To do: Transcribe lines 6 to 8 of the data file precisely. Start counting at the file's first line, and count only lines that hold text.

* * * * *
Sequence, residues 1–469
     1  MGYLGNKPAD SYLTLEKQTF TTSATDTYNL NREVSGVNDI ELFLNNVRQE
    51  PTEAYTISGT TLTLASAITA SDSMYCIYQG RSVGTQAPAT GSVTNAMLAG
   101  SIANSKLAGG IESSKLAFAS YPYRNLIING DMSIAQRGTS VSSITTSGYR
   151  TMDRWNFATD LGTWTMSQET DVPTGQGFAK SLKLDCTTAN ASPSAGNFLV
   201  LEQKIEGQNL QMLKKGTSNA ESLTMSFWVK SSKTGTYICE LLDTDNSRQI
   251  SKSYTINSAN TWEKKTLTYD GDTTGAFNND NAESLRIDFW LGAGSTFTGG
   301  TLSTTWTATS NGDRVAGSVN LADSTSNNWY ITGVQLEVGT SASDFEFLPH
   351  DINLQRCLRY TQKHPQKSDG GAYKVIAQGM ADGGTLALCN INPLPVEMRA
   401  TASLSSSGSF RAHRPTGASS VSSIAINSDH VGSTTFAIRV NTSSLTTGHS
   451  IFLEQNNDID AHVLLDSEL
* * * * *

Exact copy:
   201  LEQKIEGQNL QMLKKGTSNA ESLTMSFWVK SSKTGTYICE LLDTDNSRQI
   251  SKSYTINSAN TWEKKTLTYD GDTTGAFNND NAESLRIDFW LGAGSTFTGG
   301  TLSTTWTATS NGDRVAGSVN LADSTSNNWY ITGVQLEVGT SASDFEFLPH